What is a Financial Year End?
A financial year, also known as a fiscal year, is the period used by governments for accounting and budget purposes. It is not the same concept as a calendar year which is the one-year period that begins on 1st January and ends on 31st December, based on the commonly used Gregorian calendar. A financial year is often different from the calendar year, with a twelve-month period running from 1st March to 28th (or 29th) February being very common in South Africa. Some companies run a financial year from 1st July to 30th June, which is inherited from the British system. Other companies run their financial year to align with the calendar year.
What is important about a Financial Year?
From a statuary point of view, it forms the period over which a company is taxed. It also is a method of measuring the profitability over a set period and thus provides the ability to compare to previous financial years. This does not mean that measuring progress month on month should be neglected, because if a business is not monitored monthly, then there is a very strong chance that the financial year’s results will be a surprise, and not necessarily a pleasant one.
There are three more major reasons why your financial year, and therefore year-end results, should be accurately represented. The first is your tax liabilities. Your final tax liabilities are based on the final outcome of your financial year’s trading and profit. The second reason is that many lending institutes (banks) require copies of your latest and/or recent Annual Financial Statements (AFS) since the general health of the business has a bearing on the lenders’ risks and exposures. And the third reason is to ensure, according to your latest annual financial statements, that the business is indeed solvent, and if not, then the business could be deemed to be trading recklessly, with the possibility of serious legal consequences. These consequences are outside of the scope of this article, but suffice it to say that every business owner should be very mindful of the possible consequences of trading when in an insolvent state.
What is involved in a Financial Year-end?
The Annual Financial Statements (AFS) reports need to be prepared and extracted and, depending on the type of business, these may then need to be audited or checked by an accountant. Often the accountants assist in preparing the AFS of a business. In order to make sure that the figures in the AFS reports are correct there are certain accounting procedures that need to be undertaken. These are mostly reconciliations and certain year-end adjustments.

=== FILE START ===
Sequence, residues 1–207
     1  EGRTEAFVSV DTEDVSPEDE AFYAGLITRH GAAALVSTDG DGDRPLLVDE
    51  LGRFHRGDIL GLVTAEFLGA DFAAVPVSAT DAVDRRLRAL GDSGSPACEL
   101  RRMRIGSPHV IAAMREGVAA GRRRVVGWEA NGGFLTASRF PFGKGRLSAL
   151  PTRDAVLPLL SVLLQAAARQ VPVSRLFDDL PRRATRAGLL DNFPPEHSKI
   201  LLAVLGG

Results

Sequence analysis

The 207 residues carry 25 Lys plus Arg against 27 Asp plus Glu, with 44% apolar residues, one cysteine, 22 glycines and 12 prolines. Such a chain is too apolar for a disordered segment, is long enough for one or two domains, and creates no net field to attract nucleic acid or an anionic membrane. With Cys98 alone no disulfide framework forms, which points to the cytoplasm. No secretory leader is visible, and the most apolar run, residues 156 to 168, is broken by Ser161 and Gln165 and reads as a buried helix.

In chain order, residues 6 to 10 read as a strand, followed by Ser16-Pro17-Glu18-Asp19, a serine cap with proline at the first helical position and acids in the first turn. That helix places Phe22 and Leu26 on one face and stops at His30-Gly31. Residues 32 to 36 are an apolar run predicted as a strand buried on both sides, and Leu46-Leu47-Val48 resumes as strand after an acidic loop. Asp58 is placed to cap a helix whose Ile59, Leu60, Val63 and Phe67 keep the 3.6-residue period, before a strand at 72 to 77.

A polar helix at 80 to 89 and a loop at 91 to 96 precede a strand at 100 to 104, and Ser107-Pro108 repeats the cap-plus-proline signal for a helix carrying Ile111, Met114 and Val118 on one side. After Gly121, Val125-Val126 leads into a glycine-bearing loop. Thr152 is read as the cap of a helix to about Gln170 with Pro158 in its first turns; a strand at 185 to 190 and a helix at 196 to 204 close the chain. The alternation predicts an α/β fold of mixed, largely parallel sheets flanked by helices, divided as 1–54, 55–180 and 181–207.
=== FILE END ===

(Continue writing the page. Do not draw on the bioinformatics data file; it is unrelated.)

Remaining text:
Some of these reconciliations involve balancing subsidiary ledgers to Balance Sheet control accounts, such as:
- Customers (Debtors)
- Suppliers (Creditors)
- Bank Accounts
- Stock on hand
- Fixed Assets and their accumulated depreciation
- Shareholders loan accounts
Often after the information has been audited or checked by an accountant, there may be more adjusting entries which will then need to be passed.
At the start of a new financial year, the Income & Expenses accounts will have a zero balance and the Balance Sheet account will all contain the carried forward figure (which includes the accumulated profits or losses) from the previous financial year. Most accounting software packages will handle this automatically as part of their Year End procedure.
All of these reconciliations and preparation of the AFS reports unfortunately take time and usually cannot be concluded before the next trading day, being the first day of the new financial year. In fact, preparing the AFS reports often take several weeks and even months, and, as mentioned, usually require input from the appointed external financial officer.
How can an ERP Accounting Software Solution Help?
Having an Enterprise Resource Planning (ERP) Accounting software system will mean that information from all the different areas of the business are captured on a real-time basis during the course of the financial year and because the system is fully integrated, all the information will automatically update all the necessary accounts so that the bulk of the information is already there for the AFS reports to be extracted. Additionally, making sure that most reconciliations are done on a regular basis during the financial year means that the final reconciliations are fairly painless. There may be some year-end adjustments, such as bad debt write-offs and loan account adjustments but most of the information should already be in the system.
Most accounting software solutions will provide the ability to process in the new financial year while allowing for work to be done on the previous year in order to finalise the AFS reports. The ability to process in a previous year should also be restricted to certain users, for example, the bookkeeper or accountant. Once the year-end process is complete and all adjusting entries have been processed, it is important to be able to ‘lockdown’ the previous financial year. The AFS reports, as drawn up by the auditors or accountants will have hard copies submitted to various statutory bodies (SARS) and lending institutes (Banks). It is important to lock down the prior year in question at this point in order to ensure that the accounting system continues to reflect the same balances (closing and opening) as agreed upon. Failing to do so could result in a mismatch going forward, necessitating unnecessary and costly audit investigations.
Omni Accounts ERP Software offers the ability to process in different financial periods, which is controlled by user permissions. Financial years can be locked down, and changing the dates of the financial year of the business is easily achieved.